[dropcap letter="K"]akanin are native sweets usually made of rice (the word “kanin” means cooked rice), but there are other types that are made of other roots such as camote and cassava; fruits and vegetables like saba and kalabasa; and other grains like corn and millet. Variations arise depending on the availability of the main ingredients, and each region produces its own unique flavors, textures, shapes and skills in wrapping with different leaves (banana, coconut frond, hagikhik).
The Philippines has a wide variety of these scrumptious sweets. Here's a list of 8 rice and grain-based delicacies and their origins.
In Dumaguete, they have their own version of incorporating suman and tsokolate in one package called Tres Marias because they put 3 streaks of tsokolate around the suman. Some people call this the Chocolate Budbod from Tanhay.
[buffer id="credit" by="15px 0px 15px 5px"]Photo by Amy Besa[/buffer] I have found these in Dumaguete and Mandaue in Cebu City. It is suman made out of millet or bird seed (so it is not rice based). It has a buttery and delicate flavor. Since it is one of the most difficult kakanin to make, just go to the local public market stalls to have the budbud and hot tsokolate.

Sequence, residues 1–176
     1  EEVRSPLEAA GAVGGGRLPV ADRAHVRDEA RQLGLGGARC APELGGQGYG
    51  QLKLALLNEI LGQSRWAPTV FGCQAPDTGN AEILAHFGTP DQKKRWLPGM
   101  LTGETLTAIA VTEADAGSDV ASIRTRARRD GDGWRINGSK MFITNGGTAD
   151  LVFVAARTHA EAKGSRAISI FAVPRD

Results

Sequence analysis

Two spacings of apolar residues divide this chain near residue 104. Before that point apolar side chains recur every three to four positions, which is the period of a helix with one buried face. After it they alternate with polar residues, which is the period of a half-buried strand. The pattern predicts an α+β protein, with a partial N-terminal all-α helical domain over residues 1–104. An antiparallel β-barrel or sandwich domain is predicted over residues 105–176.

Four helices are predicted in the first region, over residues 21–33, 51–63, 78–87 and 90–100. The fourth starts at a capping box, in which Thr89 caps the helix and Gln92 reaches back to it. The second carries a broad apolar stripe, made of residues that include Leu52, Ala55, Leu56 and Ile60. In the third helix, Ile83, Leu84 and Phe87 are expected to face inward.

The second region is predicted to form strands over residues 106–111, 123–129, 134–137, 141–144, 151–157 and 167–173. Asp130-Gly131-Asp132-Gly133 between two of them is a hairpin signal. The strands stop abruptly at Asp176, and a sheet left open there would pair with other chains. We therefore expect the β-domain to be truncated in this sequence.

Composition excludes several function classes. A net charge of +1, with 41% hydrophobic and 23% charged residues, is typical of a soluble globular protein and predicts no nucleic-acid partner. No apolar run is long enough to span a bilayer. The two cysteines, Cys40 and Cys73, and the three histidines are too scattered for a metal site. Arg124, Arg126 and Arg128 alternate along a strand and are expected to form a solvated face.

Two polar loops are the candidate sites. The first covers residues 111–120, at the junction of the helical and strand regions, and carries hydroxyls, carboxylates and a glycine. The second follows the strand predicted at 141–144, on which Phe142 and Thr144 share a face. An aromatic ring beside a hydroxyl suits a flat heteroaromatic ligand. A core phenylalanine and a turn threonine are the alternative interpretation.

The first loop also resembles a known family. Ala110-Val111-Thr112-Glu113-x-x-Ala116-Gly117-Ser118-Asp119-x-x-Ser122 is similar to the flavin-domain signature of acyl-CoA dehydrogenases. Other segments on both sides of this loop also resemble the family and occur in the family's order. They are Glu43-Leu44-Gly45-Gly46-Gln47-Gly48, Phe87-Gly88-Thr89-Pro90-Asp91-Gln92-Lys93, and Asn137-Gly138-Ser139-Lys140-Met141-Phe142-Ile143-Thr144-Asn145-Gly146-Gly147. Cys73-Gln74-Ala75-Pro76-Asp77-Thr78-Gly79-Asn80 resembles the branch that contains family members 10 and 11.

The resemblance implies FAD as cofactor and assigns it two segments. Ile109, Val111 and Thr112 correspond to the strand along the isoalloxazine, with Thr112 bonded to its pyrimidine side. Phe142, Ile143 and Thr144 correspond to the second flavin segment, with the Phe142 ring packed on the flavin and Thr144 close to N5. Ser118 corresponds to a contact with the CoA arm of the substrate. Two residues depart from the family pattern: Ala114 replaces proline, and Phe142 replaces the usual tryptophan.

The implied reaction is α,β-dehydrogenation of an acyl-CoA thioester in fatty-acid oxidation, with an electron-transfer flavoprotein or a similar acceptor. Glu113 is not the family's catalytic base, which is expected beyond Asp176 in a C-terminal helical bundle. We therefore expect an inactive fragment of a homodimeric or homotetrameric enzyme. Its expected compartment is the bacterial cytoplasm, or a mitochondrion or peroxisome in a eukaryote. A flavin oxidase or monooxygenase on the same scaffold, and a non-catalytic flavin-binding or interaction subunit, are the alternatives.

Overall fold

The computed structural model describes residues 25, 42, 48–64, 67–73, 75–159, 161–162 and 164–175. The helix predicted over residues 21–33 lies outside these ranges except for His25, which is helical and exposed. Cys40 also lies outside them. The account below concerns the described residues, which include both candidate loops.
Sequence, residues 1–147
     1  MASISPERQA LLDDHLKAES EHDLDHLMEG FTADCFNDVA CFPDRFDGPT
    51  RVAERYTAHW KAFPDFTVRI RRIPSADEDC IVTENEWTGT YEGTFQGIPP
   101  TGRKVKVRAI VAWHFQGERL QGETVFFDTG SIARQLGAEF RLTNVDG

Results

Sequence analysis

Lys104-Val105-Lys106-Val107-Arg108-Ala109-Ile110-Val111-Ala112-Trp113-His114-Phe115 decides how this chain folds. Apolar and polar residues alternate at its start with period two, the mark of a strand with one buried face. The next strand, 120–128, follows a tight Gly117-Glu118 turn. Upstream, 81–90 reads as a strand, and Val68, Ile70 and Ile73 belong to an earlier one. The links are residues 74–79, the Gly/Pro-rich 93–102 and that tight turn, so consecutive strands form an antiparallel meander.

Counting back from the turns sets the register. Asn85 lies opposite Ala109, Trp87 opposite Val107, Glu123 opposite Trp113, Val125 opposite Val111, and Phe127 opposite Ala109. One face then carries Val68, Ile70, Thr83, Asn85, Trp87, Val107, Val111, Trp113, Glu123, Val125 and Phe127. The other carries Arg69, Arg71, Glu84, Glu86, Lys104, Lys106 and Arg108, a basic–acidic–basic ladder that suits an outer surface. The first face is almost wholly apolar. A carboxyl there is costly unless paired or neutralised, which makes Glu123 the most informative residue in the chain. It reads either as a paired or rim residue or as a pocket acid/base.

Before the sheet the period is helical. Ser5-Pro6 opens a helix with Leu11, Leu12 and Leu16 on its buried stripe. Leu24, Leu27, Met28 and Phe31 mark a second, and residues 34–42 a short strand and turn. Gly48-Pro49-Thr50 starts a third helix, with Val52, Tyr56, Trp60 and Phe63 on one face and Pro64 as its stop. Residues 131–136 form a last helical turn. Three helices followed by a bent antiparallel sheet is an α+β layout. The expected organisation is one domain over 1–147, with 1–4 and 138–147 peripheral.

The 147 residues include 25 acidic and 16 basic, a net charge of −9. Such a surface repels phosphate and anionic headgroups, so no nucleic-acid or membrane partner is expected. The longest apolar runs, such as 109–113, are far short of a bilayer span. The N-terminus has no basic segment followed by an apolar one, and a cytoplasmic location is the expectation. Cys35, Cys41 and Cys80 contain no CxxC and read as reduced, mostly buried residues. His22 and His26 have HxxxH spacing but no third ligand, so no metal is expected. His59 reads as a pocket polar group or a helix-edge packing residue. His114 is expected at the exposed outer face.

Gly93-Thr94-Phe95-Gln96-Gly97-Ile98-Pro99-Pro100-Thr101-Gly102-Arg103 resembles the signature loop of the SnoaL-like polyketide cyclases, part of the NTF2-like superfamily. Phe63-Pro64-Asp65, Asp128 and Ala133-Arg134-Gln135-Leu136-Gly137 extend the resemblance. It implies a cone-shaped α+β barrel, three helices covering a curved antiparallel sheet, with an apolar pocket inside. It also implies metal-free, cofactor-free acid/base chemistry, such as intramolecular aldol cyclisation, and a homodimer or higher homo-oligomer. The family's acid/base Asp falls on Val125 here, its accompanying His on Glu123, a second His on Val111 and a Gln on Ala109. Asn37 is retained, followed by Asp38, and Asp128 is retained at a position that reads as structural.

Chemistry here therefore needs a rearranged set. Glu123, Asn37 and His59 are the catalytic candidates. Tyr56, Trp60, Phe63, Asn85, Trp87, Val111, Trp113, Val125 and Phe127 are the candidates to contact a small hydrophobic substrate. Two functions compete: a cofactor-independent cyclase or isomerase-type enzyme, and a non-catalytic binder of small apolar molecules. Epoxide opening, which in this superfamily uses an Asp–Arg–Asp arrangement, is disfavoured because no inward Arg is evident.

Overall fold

[buffer id="credit" by="15px 0px 15px 5px"]Photo by Amy Besa[/buffer] Native glutinous corn kernels that are dried and then milled into corn grits replacing rice in areas where rice is difficult to grow. We all know binatog as a merienda item of boiled sweet corn kernels served in paper cones topped with sugar and grated coconut. In Isabela, however, the corn grits are cooked like “lugaw” as a savory dish topped with organic poached duck egg, chopped scallions and shallots.
What other Pinoy treats should everyone experience? Share them with us in the Comments Section below!